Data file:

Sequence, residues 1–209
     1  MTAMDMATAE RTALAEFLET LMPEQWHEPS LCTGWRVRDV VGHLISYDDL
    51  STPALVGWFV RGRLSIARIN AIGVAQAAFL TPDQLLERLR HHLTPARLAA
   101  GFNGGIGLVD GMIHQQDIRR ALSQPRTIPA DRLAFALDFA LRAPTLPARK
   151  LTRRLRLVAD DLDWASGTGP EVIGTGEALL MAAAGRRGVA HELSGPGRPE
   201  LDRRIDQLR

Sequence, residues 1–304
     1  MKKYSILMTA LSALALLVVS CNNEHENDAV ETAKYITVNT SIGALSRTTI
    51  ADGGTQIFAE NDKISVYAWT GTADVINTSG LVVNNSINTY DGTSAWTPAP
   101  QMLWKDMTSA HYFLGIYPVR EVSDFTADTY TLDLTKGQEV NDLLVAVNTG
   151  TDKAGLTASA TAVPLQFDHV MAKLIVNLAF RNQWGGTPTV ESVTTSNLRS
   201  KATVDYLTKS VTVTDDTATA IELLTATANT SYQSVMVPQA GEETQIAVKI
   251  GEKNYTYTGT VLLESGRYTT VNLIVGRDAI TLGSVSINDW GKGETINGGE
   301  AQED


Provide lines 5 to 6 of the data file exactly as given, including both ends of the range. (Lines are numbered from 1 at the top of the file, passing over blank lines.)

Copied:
   151  LTRRLRLVAD DLDWASGTGP EVIGTGEALL MAAAGRRGVA HELSGPGRPE
   201  LDRRIDQLR